“One of my early goals was to be selected by the AIS; it was a huge accomplishment for me at that time,” said Gould who joined the institute with the likes of Anthony Ricketts, Stewart Boswell, Dan Jenson, Paul Price, Byron Davis and Cameron Pilley.
In 1998, chronic fatigue syndrome struck. Gould was towards the end of an intense, two-month stretch of playing consecutive tournaments. Back in Australia for a final pro event, he competed against Ricketts in the semifinals. It was a marathon match stretching to five games. Gould’s body broke down and collapsed on court as cramps crippled his body.
Two days later he went back into training as usual but had no energy and didn’t understand what was immobilizing his body. The coach instructed him to go home. He didn’t get out of bed for a month. “I could not move. My body completely shut down.”
“After the initial illness, there were times I’d start to feel okay, but as soon as I attempted to train, the symptoms would return, and I’d be stuck in bed again. I kept trying to play through it for a long time until I just couldn’t do it anymore. I remember playing two small pro events in Victoria. I won both of them, but every single day, just waking up was a battle.”
Gould didn’t know what was happening to his body and turned to experts in the field. The specialist’s suggestion was to take an extended period of time off. So he did just that.
“I was devastated,” said Gould. “I was in my early twenties. When you commit your life to playing sport as a career, and a major setback like that occurs, it’s very difficult to digest, especially when I felt like my career had just started to pick up. In my junior years, I had always been a step behind other juniors my age like Mudge, Price and Palmer, but in my first few years playing senior events, I had finally started to feel like I was making some progress.”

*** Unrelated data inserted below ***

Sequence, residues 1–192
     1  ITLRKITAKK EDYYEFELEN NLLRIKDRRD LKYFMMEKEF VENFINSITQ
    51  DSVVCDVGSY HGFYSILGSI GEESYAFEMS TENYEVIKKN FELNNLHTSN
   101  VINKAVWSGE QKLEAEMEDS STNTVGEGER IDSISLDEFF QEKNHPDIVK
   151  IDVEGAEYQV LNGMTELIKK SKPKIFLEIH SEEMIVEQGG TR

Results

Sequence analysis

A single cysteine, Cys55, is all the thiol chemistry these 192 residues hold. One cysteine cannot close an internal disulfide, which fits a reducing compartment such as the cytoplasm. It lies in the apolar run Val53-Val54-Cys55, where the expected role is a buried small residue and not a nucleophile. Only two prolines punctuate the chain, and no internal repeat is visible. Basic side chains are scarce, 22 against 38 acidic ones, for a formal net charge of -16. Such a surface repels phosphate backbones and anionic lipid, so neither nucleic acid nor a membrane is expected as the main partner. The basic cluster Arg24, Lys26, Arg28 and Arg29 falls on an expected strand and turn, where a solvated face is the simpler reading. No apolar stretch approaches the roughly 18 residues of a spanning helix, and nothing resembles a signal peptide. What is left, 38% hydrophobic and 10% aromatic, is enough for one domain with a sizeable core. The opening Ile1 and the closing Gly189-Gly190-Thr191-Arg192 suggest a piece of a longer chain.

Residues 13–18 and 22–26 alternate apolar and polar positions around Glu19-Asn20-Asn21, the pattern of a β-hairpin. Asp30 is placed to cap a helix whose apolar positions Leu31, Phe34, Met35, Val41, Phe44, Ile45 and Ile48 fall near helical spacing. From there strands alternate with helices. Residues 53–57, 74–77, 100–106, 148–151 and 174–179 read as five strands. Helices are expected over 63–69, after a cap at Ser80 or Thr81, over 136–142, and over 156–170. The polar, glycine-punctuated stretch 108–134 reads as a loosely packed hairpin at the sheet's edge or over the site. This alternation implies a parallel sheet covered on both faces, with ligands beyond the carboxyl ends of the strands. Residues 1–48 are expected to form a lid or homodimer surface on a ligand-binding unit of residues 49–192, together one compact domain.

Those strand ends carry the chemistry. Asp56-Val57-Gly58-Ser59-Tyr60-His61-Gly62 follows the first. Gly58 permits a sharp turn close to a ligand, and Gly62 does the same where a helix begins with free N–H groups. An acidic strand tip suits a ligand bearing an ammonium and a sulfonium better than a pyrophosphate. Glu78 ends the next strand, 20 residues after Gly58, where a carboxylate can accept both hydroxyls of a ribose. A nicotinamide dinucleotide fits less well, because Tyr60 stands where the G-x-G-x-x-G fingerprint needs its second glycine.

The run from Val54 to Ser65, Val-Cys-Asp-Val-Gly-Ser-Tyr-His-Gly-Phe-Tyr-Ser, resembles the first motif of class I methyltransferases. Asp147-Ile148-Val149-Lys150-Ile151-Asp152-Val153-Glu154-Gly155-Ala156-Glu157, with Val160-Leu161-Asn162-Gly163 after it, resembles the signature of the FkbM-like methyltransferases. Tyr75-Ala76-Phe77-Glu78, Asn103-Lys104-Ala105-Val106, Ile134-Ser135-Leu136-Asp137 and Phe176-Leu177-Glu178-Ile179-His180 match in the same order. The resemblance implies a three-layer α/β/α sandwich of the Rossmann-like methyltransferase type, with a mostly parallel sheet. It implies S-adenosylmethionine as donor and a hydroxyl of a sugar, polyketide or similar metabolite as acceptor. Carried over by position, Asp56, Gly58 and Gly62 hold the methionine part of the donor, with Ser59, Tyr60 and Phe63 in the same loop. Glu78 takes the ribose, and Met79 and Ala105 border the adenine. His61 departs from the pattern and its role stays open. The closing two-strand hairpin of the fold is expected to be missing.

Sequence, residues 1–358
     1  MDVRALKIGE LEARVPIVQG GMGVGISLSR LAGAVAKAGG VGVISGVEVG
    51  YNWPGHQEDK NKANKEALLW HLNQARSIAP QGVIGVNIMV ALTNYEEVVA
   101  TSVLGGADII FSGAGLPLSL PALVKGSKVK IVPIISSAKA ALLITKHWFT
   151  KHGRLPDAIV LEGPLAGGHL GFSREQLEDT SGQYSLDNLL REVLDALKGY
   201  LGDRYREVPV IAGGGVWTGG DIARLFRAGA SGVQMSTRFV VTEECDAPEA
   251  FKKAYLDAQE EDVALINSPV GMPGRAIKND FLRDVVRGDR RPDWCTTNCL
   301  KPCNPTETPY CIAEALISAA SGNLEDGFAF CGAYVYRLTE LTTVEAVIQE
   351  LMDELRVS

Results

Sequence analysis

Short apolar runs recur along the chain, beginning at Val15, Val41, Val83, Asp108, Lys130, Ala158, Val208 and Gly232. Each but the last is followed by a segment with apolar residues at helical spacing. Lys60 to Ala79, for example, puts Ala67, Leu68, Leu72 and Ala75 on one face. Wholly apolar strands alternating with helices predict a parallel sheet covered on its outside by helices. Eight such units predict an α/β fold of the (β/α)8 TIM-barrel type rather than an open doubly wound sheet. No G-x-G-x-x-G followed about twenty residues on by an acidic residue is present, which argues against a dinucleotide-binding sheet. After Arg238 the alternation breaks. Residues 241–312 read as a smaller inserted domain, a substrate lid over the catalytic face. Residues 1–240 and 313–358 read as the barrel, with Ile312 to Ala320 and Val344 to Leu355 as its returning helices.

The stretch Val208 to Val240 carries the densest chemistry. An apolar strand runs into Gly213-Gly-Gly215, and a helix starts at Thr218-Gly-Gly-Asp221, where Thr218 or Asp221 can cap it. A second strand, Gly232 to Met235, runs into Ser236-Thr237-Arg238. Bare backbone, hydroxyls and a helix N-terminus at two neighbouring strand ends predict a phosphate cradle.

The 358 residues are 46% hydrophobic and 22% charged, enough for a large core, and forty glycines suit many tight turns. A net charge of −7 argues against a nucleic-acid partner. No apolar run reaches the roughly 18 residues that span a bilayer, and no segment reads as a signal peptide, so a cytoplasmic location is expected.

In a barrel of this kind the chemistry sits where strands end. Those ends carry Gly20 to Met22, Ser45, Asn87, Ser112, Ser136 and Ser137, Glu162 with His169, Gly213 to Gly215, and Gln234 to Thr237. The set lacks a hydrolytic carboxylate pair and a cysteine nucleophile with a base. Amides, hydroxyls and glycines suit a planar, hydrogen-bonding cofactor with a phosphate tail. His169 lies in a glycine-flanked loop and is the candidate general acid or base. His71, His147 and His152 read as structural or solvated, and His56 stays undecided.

Gould’s recovery started off with ten-minute walks, building up over time to twenty-minute runs. This was nothing compared to his past years of training, but he was, nonetheless, pleased with his progress. Gould asked his doctor if he could play a local event. He played well and lost in the final against Dan Jenson, after which he walked off court and felt fine. Halfway through the drive back to Brisbane though, it happened again. Gould returned to Adelaide and went to the hospital. He stayed for a week. He lost substantial weight and his lungs filled with fluid. His time playing squash singles was over.
“I was devastated again because I thought I had gotten through the worst of it,” Gould said. “My body totally collapsed again. Those next six months were really difficult for me, because I didn’t know what to do with myself. I couldn’t train. I went from being one of the fittest squash players to barely being able to walk around the block.”